'Survivor' takes TV news job in North Carolina

GREENSBORO, N.C. - Jeff Varner, who was bumped from ''Survivor'' in 2001, has a new job in reality television: TV newsman.

Varner will join WGHP, the Fox affiliate based in High Point, as a weekend anchor, the station announced Friday. Prior to his stint on ''Survivor,'' Varner worked as an Internet project manager in New York City and earned a journalism degree from the University of North Carolina at Chapel Hill. Still, he says his ''Survivor'' ties have created some career challenges.

Clancy donates $2 million to eye research

BALTIMORE - Author Tom Clancy, who reaped millions from blockbusters such as ''Patriot Games'' and ''The Hunt for Red October,'' wants people to see life a little more clearly.

To that end, he has donated $2 million to fund a professorship in ophthalmology at the Johns Hopkins University School of Medicine.

The first doctor to hold the seat being funded by Clancy's donation, Dr. Terrence P. O'Brien, has treated the writer, who was diagnosed in 2001 with pathological myopia. The rare type of nearsightedness, in which the eyeball continues to elongate, can lead to profound vision loss.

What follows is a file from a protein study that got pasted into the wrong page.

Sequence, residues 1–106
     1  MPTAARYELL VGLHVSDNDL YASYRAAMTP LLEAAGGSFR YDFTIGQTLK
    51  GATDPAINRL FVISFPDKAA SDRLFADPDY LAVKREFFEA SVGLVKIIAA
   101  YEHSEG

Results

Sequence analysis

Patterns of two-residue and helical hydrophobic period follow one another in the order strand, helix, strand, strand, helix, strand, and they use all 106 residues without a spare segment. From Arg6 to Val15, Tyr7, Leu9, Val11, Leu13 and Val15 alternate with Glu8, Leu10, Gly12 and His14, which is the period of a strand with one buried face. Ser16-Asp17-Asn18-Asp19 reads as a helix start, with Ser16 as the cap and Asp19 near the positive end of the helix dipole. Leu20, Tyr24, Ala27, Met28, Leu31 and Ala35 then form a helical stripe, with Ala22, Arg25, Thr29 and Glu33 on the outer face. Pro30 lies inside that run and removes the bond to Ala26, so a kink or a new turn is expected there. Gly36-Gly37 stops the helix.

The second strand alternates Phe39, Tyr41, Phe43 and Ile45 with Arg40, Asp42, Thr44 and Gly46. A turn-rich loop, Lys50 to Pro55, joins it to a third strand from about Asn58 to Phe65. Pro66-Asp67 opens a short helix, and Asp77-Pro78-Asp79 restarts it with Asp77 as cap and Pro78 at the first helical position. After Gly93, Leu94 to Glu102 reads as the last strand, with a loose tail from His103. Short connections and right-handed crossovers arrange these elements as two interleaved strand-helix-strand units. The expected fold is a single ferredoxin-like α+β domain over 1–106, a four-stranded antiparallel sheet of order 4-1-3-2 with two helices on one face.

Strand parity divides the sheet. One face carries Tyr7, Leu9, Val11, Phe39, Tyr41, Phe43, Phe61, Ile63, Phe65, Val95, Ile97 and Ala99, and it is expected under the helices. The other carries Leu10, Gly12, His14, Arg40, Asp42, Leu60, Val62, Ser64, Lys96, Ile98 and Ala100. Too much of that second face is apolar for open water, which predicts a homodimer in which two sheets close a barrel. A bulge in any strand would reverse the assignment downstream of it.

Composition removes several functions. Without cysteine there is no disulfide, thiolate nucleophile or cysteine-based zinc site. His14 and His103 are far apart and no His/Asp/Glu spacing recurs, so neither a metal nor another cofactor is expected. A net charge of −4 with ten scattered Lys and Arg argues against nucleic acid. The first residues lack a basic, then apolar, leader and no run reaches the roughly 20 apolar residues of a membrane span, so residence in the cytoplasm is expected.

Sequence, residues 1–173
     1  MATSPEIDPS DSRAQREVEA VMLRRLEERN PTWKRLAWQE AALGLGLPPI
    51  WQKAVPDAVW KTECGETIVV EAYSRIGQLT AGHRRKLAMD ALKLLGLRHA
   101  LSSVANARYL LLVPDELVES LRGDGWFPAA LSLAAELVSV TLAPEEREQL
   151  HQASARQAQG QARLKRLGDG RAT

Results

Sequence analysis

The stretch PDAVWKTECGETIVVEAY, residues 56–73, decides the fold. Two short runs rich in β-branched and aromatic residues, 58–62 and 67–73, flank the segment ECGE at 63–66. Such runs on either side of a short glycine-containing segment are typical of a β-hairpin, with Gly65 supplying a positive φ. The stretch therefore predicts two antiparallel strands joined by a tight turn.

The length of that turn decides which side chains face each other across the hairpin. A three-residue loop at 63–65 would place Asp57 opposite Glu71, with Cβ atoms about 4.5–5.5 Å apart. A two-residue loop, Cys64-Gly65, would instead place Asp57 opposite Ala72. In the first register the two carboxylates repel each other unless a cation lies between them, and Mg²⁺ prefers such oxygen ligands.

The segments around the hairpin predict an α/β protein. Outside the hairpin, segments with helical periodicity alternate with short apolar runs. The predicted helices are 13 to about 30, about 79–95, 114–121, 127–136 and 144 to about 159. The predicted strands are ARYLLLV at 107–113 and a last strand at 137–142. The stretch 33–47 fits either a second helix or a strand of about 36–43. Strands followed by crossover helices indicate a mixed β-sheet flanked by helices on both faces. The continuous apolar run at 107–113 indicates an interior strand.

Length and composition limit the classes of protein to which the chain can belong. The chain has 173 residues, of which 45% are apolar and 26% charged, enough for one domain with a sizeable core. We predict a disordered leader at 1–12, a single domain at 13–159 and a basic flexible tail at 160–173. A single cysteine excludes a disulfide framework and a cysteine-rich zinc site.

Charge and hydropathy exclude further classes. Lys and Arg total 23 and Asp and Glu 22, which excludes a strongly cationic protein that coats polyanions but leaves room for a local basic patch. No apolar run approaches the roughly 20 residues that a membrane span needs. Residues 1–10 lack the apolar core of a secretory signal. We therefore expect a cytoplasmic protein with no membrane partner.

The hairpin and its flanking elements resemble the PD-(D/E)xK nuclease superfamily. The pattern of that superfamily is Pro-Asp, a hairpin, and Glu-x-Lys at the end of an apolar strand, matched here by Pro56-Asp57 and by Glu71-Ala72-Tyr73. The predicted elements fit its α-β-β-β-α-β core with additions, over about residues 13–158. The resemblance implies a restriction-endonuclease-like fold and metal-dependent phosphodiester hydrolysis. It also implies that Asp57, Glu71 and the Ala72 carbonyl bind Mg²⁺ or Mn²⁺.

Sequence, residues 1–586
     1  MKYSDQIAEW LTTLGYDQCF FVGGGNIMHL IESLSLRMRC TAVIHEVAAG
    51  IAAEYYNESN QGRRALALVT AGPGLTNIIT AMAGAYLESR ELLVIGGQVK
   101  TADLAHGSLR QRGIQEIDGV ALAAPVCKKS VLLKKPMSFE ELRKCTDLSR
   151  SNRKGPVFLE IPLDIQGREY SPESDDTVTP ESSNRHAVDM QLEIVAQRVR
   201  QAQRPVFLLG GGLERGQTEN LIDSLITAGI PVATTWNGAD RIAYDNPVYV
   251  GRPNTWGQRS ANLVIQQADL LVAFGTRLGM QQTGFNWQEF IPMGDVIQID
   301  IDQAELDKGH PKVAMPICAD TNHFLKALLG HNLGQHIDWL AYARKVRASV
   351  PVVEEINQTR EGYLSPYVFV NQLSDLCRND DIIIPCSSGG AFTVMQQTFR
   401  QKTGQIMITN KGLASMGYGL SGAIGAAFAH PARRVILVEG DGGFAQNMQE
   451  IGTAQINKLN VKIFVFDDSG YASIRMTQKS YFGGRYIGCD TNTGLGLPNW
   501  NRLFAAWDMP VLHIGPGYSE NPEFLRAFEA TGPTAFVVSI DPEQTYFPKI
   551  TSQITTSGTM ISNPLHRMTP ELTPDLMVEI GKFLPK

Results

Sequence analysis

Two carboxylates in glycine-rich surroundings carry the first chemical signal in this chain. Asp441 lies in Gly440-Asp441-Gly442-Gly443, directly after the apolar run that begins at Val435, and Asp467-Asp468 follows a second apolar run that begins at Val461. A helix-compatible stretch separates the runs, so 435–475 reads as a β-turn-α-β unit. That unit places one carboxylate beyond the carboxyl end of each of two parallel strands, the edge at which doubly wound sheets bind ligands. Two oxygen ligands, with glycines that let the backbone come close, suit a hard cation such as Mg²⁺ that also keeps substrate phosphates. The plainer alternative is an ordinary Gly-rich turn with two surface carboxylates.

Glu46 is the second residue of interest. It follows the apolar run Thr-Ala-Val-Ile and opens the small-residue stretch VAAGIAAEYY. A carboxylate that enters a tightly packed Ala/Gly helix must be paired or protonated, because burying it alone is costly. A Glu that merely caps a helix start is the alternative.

'Wheel' stars satisfied with career paths

KANSAS CITY, Mo. - Pat Sajak and Vanna White know where they stand in history.

It's been more than two decades since Sajak, 58, and White, 48, joined the ''Wheel of Fortune'' game show. But the co-hosts who so perfectly synchronize the motions of spinning the wheel and turning the letters say this will be the last stop in their careers.

''I'm at peace with what my obituary's going to say,'' said Sajak, who was taping episodes of ''Wheel'' this weekend on the show's first-ever stop in Kansas City.

Moby talks about life of poverty before stardom

NEW YORK - Even though he's now a rich musician, Moby is still affected by the poverty of his youth. In an interview with The Associated Press, Moby says he and his mother grew up on welfare in a tony section of Connecticut.

''I was the only poor person I'd ever met, and it has kind of given me this lifelong feeling that I'm a second-class citizen, because in my formative years I was a second-class citizen,'' he told the AP.

- From wire reports